Question and answer material presented by Michael Pearl’s church includes belief in demonic possession, but I have not found any references to children’s behavior as caused by demons. However, the belief that a child can be demonically-possessed, and sometimes that painful treatment may be required to end the possession, is rather common among Christian fundamentalist groups. Doris Wagner’s book How to cast out demons (2000; Ventura, CA: Renew Books) states that demon possession is increasingly likely for children who are adopted, have had difficult births, or who fail to be “bonded at birth” (not defined by the author). [Incidentally, this book includes an informed consent document to be used by exorcists!] Other sources suggest that a child who has been sexually molested is more easily possessed by demons.

“Conventional exorcists”, if I may use that term, appear to address demonic possession by prayer. Fasting is also mentioned, although it is not clear whether the exorcist or deliverer is to fast, or the possessed person, or both (see http://www.stmichael.pair.com/laitydeliverance.html); it would be interesting if fasting as a form of purification ritual were related to the limitation of food used in some unconventional child psychotherapies. Nevertheless, there may be rituals that use physically-painful and injurious methods, or there may simply be frequent misunderstandings among adults who seek to change their child’s behavior by exorcism, because deaths as a result of exorcism rituals are frequently reported (http://www.tylerpaper.com/apps/pbcs.dll/article?AID=/20081203/NEWS01/812030289/0/FRONTPAGE; http://www.tldm.org/news8/possession2.htm; http://www.journalgazette.net/article/20110528/LOCAL03/305289976).

Adoption agencies, including Bethany Christian Services, make a point of screening adoptive parents for health, education, financial security, and so on. Isn’t it time that we screened for faith-based risk factors like beliefs in absolute obedience to parents, and in demonic possession as a cause of behavior problems? My anonymous correspondent was quite right when she said there are a lot of whackos out there. Screening for these beliefs would be a way of keeping adopted children out of their hands.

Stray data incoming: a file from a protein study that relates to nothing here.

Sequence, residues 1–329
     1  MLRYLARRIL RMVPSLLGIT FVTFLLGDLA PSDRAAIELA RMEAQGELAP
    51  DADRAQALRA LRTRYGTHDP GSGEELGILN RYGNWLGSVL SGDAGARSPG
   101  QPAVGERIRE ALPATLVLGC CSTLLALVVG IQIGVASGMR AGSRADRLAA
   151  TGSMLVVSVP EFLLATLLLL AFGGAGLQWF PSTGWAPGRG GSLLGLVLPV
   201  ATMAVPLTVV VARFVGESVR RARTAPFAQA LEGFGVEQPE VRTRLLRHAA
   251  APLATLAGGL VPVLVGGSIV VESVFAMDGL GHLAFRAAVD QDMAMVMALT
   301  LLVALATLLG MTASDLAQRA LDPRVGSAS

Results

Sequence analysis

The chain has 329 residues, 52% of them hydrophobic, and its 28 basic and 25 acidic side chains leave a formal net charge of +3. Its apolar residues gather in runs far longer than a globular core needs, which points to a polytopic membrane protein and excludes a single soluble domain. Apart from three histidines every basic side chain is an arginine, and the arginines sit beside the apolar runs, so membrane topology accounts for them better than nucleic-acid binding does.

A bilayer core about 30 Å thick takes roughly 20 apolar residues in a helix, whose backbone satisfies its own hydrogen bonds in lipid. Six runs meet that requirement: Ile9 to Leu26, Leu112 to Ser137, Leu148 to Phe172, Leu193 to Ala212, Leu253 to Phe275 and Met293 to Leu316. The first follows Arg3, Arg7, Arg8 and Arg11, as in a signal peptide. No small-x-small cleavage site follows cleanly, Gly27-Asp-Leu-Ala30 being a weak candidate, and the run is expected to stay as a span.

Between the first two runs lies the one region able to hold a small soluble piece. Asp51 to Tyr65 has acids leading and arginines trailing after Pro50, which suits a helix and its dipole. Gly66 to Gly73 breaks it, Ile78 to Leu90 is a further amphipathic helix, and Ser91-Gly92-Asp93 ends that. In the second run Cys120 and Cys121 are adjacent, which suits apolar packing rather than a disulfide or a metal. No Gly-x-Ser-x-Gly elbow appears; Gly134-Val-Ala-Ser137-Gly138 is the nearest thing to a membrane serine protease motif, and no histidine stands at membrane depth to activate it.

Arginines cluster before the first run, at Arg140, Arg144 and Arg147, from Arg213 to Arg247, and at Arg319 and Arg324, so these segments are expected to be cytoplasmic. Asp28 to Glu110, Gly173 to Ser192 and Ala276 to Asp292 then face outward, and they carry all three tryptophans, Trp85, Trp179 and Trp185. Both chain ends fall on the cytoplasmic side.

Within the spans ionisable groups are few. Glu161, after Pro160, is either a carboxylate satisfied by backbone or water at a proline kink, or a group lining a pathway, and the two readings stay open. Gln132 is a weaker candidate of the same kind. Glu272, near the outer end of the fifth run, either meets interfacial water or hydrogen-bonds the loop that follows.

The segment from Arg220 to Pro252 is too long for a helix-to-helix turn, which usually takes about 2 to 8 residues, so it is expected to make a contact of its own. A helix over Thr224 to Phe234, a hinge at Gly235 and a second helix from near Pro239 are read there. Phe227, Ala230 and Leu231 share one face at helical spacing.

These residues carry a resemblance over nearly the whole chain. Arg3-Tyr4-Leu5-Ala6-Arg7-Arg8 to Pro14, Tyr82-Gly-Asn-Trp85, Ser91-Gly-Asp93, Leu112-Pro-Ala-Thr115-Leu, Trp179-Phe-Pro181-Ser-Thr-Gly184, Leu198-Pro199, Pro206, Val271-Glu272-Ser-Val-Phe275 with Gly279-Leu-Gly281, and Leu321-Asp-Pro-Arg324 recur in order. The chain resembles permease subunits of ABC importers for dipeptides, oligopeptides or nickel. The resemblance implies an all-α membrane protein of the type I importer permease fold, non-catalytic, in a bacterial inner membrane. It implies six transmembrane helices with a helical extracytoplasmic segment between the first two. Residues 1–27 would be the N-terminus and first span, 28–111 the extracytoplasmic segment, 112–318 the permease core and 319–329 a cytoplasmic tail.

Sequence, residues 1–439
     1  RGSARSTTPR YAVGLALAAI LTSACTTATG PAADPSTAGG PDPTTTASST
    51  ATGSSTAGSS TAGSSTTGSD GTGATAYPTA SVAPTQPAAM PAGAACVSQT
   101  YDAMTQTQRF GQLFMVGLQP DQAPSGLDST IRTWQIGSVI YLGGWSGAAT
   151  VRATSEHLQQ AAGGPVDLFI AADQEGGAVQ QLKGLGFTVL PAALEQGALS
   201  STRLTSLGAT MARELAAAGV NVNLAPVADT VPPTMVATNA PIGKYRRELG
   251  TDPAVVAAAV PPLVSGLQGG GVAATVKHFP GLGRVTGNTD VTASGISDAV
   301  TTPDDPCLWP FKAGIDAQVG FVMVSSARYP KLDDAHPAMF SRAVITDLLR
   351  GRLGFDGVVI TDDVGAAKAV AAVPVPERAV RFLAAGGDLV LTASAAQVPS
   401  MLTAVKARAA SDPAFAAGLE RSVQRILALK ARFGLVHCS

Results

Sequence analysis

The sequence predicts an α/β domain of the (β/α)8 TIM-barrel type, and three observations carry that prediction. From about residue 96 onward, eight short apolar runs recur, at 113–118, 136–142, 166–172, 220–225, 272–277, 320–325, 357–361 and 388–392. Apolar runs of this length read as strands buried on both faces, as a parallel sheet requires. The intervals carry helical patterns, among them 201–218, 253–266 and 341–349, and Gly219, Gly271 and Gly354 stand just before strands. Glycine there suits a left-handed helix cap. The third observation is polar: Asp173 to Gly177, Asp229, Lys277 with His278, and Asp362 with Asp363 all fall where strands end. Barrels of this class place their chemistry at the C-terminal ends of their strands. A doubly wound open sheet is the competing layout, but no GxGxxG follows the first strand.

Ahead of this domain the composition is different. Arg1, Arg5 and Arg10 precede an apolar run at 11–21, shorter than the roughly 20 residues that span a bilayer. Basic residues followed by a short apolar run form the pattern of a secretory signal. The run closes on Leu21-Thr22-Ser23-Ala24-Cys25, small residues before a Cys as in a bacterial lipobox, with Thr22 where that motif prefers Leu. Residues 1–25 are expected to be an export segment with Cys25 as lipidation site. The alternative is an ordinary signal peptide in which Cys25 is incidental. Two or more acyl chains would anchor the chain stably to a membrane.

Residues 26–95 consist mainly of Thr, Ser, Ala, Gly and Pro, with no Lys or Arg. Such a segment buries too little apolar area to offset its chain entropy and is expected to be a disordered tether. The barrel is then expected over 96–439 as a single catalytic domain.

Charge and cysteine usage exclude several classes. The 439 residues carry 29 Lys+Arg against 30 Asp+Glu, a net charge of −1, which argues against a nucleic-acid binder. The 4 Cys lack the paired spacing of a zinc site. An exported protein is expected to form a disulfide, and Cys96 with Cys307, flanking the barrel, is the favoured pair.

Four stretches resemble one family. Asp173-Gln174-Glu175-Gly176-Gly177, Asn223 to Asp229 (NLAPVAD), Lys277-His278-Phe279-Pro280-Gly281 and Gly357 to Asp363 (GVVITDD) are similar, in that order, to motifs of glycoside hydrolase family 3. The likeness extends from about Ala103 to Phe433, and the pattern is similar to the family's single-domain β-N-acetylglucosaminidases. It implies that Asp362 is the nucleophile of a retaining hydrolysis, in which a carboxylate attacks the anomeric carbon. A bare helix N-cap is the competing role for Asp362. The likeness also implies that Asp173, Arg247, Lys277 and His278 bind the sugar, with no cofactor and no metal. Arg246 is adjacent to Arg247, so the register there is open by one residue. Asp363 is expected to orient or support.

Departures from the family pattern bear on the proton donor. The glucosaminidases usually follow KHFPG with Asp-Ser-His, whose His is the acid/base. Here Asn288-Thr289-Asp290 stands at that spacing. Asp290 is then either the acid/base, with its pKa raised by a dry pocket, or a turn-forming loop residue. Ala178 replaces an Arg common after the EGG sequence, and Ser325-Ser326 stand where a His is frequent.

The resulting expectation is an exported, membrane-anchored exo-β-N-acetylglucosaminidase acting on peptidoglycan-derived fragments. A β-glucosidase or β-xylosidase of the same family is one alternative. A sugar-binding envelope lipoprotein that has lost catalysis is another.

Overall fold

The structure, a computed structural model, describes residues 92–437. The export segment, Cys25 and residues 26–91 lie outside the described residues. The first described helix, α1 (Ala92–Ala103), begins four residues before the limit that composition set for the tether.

Tuesday, December 6, 2011

When Superstition Claims to Be Science: The Conscious Conception and Peace Lark

A reader recently called my attention to the forthcoming publication “Parenting for Peace” by Marcy Axness. This book, and Axness’s website www.quantumparenting.com/ , claim to integrate science (“quantum”, right?) with spiritual insight, and stress neurobiology as a major source of information. In reality, though, much of the material Axness promulgates is nothing more nor less than superstition. If she wants to present her views as a matter of faith, well and good-- but to state that they are based on science is incorrect.

Here is one example from the quantumparenting site:

In discussing fertility issues, Axness quotes Laura Uplinger’s description of her beliefs about becoming pregnant. “My husband and I sent out a call to the universe—as if posting an ad on a galactic website—stating who we were and what we could offer to a soul who wished to join us. We carried on our daily activities in a mood of solemn expectation and profound surrender; was a soul going to be drawn to us?” In commenting on this and similar ideas, Axness refers to the idea of thought as an organizing principle that can influence even conception and development.

Are these views correct? Do souls wait in some nonmaterial world until they join bodies at the time of conception? Do our thoughts shape our physical structure and function? Those who believe these things don’t want or need systematic evidence to support their beliefs, and I don’t want to argue with their universe of discourse. However, I can say that those beliefs aren’t science. Science as a modern human endeavor is based on certain assumptions that are contrary to the ideas Axness promulgates. Science is mechanistic, assuming that even the most complex human functions are based on the same physical and chemical events that occur in the non-human, non-living world. Axness’s views are vitalistic-- she assumes that living organisms contain some factor that is absent from non-living substances, a factor that may be thought of as a spirit or soul. She also appears to assume that the soul is not just an animating principle, but is instead a personality with intention and power to make decisions, and one that can at all times be influenced by thought (cf. the “primal wound”). These assumptions are by definition not scientific, and ideas based on them are not scientific, no matter how many tidbits of neurobiology they are bolstered with.